SOUTH LOOP — A smattering of protesters failed to derail Mayor Rahm Emanuel's breakfast celebration of the Rev. Martin Luther King Friday.
Although Emanuel repeated afterward, "This was not about me," but about celebrating King's legacy, he made pointed reference to the city's embattled Police Department, while others chided religious leaders who boycotted the annual Martin Luther King Day breakfast, held at the Hyatt Regency McCormick Place.
While a couple of dozen protesters shouted, "No guns!" and other chants outside, Emanuel was well-received by the packed-house crowd at the event. Citing King's work and legacy, Emanuel said, "He called us to confront the truth no matter how painful or ugly it is."
From there, Emanuel said the city must confront uneasy truths in the wake of the Laquan McDonald case and "root out the cancer of police abuse." He granted that young African-American men bore the brunt of the city's gun violence and called equal opportunity essential.
Emanuel called for the city to "restore trust" between police and communities, adding, "Where there is no trust there is no safety."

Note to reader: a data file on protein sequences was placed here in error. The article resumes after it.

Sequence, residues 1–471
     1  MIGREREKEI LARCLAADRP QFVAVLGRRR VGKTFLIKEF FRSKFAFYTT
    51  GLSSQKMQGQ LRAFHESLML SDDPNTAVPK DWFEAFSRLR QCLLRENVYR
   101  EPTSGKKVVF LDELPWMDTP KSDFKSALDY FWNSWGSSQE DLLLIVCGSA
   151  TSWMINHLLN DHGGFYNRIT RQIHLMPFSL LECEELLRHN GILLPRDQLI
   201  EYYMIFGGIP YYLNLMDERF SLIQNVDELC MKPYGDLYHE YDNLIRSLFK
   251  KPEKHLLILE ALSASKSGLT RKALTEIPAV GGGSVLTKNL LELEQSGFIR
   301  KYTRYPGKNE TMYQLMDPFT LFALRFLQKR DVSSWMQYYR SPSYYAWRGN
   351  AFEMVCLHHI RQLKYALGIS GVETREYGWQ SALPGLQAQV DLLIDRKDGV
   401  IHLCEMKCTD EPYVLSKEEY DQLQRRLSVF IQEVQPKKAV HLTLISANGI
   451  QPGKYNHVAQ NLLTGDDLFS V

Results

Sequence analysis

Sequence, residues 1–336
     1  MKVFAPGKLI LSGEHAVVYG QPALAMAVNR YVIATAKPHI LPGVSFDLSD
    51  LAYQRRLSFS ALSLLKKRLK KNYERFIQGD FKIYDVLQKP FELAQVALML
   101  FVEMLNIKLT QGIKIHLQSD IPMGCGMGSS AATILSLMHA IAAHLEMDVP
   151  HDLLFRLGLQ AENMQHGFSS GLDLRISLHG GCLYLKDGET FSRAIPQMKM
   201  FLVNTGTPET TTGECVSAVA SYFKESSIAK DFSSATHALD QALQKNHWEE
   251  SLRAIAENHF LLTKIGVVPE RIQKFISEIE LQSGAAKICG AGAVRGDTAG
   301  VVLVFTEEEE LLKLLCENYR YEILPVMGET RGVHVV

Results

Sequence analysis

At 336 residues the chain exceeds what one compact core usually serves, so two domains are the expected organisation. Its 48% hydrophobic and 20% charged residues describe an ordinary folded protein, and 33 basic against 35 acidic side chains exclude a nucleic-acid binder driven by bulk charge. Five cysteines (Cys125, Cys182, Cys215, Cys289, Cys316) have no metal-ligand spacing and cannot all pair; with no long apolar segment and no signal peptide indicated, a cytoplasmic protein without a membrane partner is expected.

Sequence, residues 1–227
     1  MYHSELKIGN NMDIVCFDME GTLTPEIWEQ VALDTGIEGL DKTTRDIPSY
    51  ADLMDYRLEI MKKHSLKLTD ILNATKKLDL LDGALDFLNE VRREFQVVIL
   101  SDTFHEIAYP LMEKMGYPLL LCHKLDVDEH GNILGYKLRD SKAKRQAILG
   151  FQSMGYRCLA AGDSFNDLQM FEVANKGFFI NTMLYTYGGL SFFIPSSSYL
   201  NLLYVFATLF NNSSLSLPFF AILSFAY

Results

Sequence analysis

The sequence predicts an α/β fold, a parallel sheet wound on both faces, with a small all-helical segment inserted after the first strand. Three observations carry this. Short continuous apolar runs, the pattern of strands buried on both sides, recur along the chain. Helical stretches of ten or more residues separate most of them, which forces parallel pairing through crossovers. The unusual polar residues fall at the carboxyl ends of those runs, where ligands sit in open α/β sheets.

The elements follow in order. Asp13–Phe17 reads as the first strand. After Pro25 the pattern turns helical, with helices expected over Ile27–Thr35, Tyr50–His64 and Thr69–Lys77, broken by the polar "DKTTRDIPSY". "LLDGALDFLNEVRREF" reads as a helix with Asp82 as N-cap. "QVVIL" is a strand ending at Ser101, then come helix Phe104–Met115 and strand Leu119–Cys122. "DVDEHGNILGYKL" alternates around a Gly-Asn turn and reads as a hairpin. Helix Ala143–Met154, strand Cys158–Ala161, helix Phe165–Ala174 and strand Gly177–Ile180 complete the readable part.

Emanuel said, "We will be a better city because we confronted the hard truths."
The Rev. Neichelle Guidry confronted those truths directly, reading a list of names killed by police, including McDonald, Rekia Boyd, Bettie Jones, Quintonio LeGrier and Cedrick Chatman. "We pray for no more names," she said. "Let justice roll, roll down like water."
Yet shortly after that a protester walked through the crowd chanting, "No justice, no peace," and "16 shots and a cover-up," before being ushered out by security.
Otherwise, no protests disrupted the breakfast, and there were no boos for anyone, although another protester outside the breakfast was also ushered out for chanting, "16 shots."
While reflecting on King, and the breakfast celebrating him founded by Mayor Harold Washington, former Ald. Dorothy Tillman said things were worse under Mayor Jane Byrne and Mayor Richard M. Daley. The Rev. Dr. B. Herbert Martin Sr. later scolded the religious leaders who boycotted the event.
"I cannot imagine what configuration of heaven leaves some of us outside," while others are praying inside, Martin said in accepting the city's Champion of Freedom Award from Emanuel.
He lauded King's "capacity to deal with both sides" of thorny issues, then compared the city today to the Chicago that burned on much of the West Side following King's assassination in 1968, with Mayor Richard J. Daley issuing a "shoot to kill" order for police.
Martin said King's legacy was to affirm "unity over divisiveness," and he scolded those who would "conjure up" a boycott of the breakfast, saying they "betray the sacrifices" of King and other civil-rights leaders.
"We live in times when people are long on criticism and short on sacrifices," said Pastor Al Toledo in the benediction.
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